Average to above average results suggest the respondent is most likely emotionally and socially intelligent. The higher the scores, the better equipped he/she is for effectively meeting environmental demands and pressures. Low scores suggest an inability to be effective in performing well and the possible existence of emotional, social and/or behavioural problems. Very low scores on the following scales suggest the potential for serious difficulties in coping on a daily basis: Stress Tolerance, Impulse Control, Social Responsibility, Reality-Testing, and Problem-Solving.

Based on the BarOn model of emotional intelligence, the EQ-i:YV™ (Emotional Quotient Inventory: Youth Version) measures the level of emotional and social functioning in children and adolescents from 7 – 17 years of age. The following scales are assessed:

  • Total EQ (including the following 4 scales)
    • Intrapersonal (comprising primarily Self-Regard, Emotional Self- Awareness and Assertiveness items)
    • Interpersonal (comprising primarily Interpersonal Relationship, Empathy and Social Responsibility items)
    • Stress Management (comprising primarily Stress Tolerance and Impulse Control items)
    • Adaptability (comprising primarily Reality-Testing, Flexibility and Problem-Solving items)
  • General Mood (comprising Self-Actualization, Optimism and Happiness items that did not load on the above 4 factors for the most part)
  • Positive Impression (validity items that did not load on the other scales)

HOW CAN WE DEVELOP IQ AND EQ IN OUR CHILDREN?

There is a lot of controversy around whether you can increase your IQ or not. Some believe that IQ is more of a genetic make-up and generally remains static especially in the adult years. Other experts believe that 40-80% of our IQ is affected by our genes with the remaining IQ coming from the external environment. Therefore the more stimuli you receive from the environment you are exposed to, the more your IQ can increase. Studies have also found increases in IQ from one generation to the next which shows how our changing environments can affect our IQ.

Consider:

  1. Exercise – Boosts the blood and oxygen supply to the brain providing it with energy, promoting the growth of neurons and stimulating brain cell growth. Decreasing stress and improving cognitive performance.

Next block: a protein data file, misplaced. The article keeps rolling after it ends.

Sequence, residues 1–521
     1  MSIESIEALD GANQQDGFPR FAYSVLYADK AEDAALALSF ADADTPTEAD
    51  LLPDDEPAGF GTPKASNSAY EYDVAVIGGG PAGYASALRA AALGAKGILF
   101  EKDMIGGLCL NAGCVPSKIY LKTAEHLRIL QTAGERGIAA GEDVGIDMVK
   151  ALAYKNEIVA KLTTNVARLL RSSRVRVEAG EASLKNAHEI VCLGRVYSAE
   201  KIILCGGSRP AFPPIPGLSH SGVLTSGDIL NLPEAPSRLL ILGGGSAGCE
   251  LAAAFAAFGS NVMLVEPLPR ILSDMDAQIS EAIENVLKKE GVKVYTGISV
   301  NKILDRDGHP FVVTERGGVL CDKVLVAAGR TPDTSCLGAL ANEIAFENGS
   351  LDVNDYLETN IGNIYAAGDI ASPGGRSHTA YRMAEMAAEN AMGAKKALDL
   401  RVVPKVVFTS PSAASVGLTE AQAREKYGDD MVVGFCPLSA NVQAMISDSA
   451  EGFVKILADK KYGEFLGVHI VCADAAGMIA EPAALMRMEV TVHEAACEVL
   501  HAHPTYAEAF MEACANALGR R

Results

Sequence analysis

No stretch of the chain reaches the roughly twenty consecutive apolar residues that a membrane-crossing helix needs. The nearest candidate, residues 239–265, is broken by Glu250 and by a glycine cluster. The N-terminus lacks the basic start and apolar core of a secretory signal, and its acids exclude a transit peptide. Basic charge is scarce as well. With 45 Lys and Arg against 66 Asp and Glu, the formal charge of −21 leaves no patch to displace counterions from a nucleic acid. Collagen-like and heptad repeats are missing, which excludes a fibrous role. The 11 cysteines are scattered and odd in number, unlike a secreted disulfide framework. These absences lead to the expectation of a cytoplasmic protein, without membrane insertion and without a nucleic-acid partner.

2. Supplements – Caffeine + L-theanine – Studies show that taking L-theanine with caffeine provided the most cognitive enhancement, most significantly to measures of alertness and attention switching accuracy. Omega 3 Fatty Acids – Improve the working memory.
  3. Healthy Diet – Good nutrition might not boost IQ, but it’s believed that poor nutrition and toxins, especially lead, does decrease it. During the developmental years, Iodine deficiency is believed to decrease IQ.
  4. Neurofeedback – Training the brain to function at its optimal level helps to improve your cognitive performance, improves memory and concentration
  5. Puzzles – Mental ability exercises like puzzles, thinking problems and problem solving techniques stimulate your brain.
  6. Enriched Environment – Growing up in an enriched environment can help play a role in developing a higher IQ. Actively engaging your brain to learn new things and being exposed to new experiences like travelling to new destinations and learning new languages.
  7. Reading – Reading can stimulate the imagination, increase your vocabulary and challenge your brain.

CAN WE TEACH OUR CHILDREN EMOTIONAL INTELLIGENCE?

The great news is YES! EQ can be learnt and developed. EQ is best learnt from an early age by encouraging qualities like sharing, thinking about others, putting oneself in another person’s shoes, giving individual space and the general principles of cooperation. There are toys and games available to increase emotional intelligence.
Corporates, adults and children can also join in doing courses at EQ Advantedge or having individual Skype sessions where we work on increasing your self-esteem, communication skills, decision making, anger and conflict management and how to improve overall happiness and much more (see more details on our webpage www.eq-advantedge.co.za).

Tips to promote emotional intelligence in children:

  • Help children to recognise their own emotions using rich vocabulary not only words like ‘happy’ and ‘sad’. Encourage them to draw and describe their emotions including good emotions.
  • Help them to be aware of when their tension is building and what creates stress for them.
  • Validate the child’s perspective and empathise with how they are feeling, this doesn’t mean you agree.
  • Talk about your own emotions, but don’t use the child as a confident for a difficult situation you are going through.
  • Regulate how you express your emotions as children learn from their parents.
  • Help them to recognise cues as to how other people are feeling. Teaching them to be sensitive to other people’s feelings, showing comparison and empathy.
  • Through visualisation and relaxation exercises, they will be taught how to take control of their emotions and self-esteem, giving them the tools to develop greater well-being and exercise equanimity, calmness and self-composure.
  • Allow the child to work through their emotions without trying to fix the problem yourself as this builds emotional resilience.
  • Get help dealing with your own feelings in an appropriate way so that you can be a good role model. Write in a diary or talk it through with a friend or counsellor.

The important point is when raising children is that we do our best to encourage high intelligence both intellectually and emotionally.

For further information or courses on parenting or emotional intelligence skills for children, contact EQ Advantedge, 031-2668563/ info@eq-advantedge.co.za (www.eq-advantedge.co.za).